Alfred Russel Wallace, The Father Of Biogeography?

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Alfred Russel Wallace, the Father of Biogeography, was born January 8th, 1823. He was known as a naturalist, explorer, anthropologist, geographer and biologist. These last two fields are what made him into a biogeographer, and led him to develop the theory of evolution that would later prompt Charles Darwin to develop his own theory of evolution. What most people know of Wallace, was his creation of the Wallace line in Indonesia dividing animals that have an Australian origin on one side and an Asian origin on the other. Wallace held many controversial viewpoints on a lot of religious and social issues that ended up getting him criticized by his peers. He was a prolific writer who was one of the first to consider the impact of humans on the landscape and wrote about social issues and his adventures. His journal the Malayan Archipelago was one of his most popular journals published in in the 19th century. When Wallace died, many wanted him buried in Westminster Abbey, however his family followed his wishes and buried him in a small cemetery in Broadstone, Dorset. Shortly after, a medallion was created for him and is placed near Charles Darwin’s burial place in Westminster Abbey in 1915 (Spyman, 2011).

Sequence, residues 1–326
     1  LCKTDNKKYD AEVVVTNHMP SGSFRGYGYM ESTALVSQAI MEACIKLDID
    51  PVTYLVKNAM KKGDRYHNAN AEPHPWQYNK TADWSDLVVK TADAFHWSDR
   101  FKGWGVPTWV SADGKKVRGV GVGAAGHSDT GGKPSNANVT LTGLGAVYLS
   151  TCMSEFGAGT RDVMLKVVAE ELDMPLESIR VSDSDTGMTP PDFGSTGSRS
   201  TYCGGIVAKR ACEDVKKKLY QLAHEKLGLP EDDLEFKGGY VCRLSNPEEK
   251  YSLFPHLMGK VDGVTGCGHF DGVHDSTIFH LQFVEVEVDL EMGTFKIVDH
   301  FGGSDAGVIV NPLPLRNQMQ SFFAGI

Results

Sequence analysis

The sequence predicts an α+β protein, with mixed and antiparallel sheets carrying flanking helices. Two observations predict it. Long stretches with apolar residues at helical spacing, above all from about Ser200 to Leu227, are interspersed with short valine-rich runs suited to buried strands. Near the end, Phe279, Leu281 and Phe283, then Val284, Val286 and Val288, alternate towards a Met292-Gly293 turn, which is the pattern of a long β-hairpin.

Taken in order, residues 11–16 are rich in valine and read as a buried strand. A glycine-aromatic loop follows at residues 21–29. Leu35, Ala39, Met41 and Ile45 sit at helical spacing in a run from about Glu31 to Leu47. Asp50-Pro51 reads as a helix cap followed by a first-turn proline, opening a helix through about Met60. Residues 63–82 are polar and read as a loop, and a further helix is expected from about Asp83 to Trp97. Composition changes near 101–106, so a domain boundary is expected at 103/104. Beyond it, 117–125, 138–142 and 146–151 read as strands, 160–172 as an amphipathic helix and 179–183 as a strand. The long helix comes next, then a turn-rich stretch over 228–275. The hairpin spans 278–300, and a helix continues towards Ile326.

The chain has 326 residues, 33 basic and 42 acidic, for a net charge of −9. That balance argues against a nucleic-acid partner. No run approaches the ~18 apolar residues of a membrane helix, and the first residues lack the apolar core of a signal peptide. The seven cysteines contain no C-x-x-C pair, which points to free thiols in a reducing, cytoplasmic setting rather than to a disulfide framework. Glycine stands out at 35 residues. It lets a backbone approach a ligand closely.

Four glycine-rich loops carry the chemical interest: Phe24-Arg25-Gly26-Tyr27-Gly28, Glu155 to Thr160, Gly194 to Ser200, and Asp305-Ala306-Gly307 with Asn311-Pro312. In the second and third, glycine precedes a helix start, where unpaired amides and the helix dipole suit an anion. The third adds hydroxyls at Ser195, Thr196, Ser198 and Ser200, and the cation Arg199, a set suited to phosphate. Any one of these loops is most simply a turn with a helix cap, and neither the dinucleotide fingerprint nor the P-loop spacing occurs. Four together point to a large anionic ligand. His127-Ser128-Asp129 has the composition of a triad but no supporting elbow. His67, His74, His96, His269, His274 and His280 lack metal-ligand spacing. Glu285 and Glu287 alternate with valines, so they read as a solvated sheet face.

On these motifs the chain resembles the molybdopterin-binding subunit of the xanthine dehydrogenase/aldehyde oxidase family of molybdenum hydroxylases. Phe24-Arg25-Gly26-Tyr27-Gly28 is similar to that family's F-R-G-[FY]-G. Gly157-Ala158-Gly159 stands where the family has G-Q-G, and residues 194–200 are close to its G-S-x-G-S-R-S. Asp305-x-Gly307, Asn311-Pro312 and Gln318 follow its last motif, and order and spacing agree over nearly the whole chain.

Alfred Lothar Wegener, born November 1, 1880 in Berlin, Germany to an orphanage director. He got his PhD in Astronomy at the University of Berlin in 1905 but later generated an interest in paleoclimatology. Over the years, Wegener worked as a professor

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